Nevro Corp. (NYSE: NVRO), a global medical device company delivering comprehensive, life-changing solutions for the treatment of chronic pain, today announced the publication of 24-month data from the SENZA Painful Diabetic Neuropathy (PDN) Randomized Controlled Trial (RCT), the largest RCT to evaluate spinal cord stimulation (SCS) to treat PDN, in Diabetes Research and Clinical Practice.
Globally, the number of people with diabetes has quadrupled in the last two decades1, and PDN is one of its most common complications, affecting up to 25 percent of all people with diabetes. PDN symptoms can have a significant impact on quality of life. These symptoms include numbness, tingling/paresthesia, loss of protective sensation, impaired balance, and reduced response to sensory stimuli.2 Patients typically manage this complication with oral pain medications, but the efficacy of these medications is relatively low and can result in intolerable side effects for patients.3 As a result, people with PDN suffer significantly-reduced health-related quality of life (HRQoL), impaired functionality, and other comorbidities like sleep disorders, depression, and anxiety.4
Published 24-month data from the SENZA-PDN RCT evaluated the long-term efficacy of high-frequency 10 kHz SCS to treat refractory PDN. The data show that patients who received a high-frequency 10 kHz SCS implant and conventional medical management (CMM), compared to CMM alone, experienced durable pain relief and significant improvements in both HRQoL and sleep at 24 months post-implantation.
Furthermore, most participants experienced neurological symptom improvements, including those in motor, sensory, and reflex function. The long-term data further supports that 10 kHz SCS is a safe and highly effective therapy for PDN, as well as a therapy that demonstrates durable quality of life improvements.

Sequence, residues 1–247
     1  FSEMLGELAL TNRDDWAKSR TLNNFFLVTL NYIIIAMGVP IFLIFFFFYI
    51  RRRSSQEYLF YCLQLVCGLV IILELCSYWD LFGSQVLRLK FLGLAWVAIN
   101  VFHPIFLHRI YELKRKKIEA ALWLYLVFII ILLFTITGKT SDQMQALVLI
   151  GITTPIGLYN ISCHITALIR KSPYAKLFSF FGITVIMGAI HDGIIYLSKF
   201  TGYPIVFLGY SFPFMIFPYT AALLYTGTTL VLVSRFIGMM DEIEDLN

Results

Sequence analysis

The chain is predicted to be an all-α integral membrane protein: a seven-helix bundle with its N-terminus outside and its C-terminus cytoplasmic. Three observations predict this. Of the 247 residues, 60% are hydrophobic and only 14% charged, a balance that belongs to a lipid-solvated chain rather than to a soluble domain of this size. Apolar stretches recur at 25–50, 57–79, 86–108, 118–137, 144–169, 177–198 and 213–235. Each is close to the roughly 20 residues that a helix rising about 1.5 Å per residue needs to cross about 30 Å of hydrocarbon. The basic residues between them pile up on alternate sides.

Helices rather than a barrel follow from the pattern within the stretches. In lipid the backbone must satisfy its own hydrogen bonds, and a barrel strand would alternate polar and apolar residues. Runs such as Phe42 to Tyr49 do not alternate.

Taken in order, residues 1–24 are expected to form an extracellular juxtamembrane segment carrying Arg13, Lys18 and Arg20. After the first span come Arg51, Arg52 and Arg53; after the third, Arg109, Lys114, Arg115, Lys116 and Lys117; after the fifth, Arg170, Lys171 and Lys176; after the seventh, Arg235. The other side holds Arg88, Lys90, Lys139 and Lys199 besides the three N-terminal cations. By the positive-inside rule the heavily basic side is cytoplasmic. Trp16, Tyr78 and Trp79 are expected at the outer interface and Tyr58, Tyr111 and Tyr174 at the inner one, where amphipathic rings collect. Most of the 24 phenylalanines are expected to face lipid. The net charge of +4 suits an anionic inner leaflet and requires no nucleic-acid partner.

“The 24-month data from the SENZA-PDN RCT show us high-frequency SCS is a viable, long-term relief solution for people with PDN, which is particularly encouraging for a condition that naturally worsens over time,” said lead Principal Investigator Dr. Erika Petersen, Professor of Neurosurgery and Director of Functional and Restorative Neurosurgery at the University of Arkansas for Medical Sciences. “These results further validate not only the efficacy of high-frequency 10 kHz SCS for pain relief, but also show profound improvements in quality of life, sleep, and neurological function.”
The SENZA-PDN RCT 24-month data demonstrated the following benefits of 10 kHz SCS Therapy:
Durable Pain Relief
- At 24 months, 10 kHz SCS reduced pain by a mean of 79.9% compared to baseline, with 90.1% of participants experiencing ≥50% pain relief.
- A DN4 score ≥4 is consistent with clinically confirmed PDN. In the 10 kHz SCS recipients, the proportion with a DN4 score <4 increased significantly from 3.9% at preimplantation to 48.9% at 24 months. (P < .001).
- Investigators assessed neurological function versus study baseline in all implanted patients. At 24 months, 65.7% of implanted patients exhibited clinically meaningful improvements over study baseline in sensory, motor, or reflex function without worsening in any category. A majority of these neurological improvements were in sensory function, which may have implications in restoring protective sensation.
- No other SCS treatment for PDN has exhibited the potentially disease-modifying effects demonstrated by Nevro HFX™ in improving neurological function.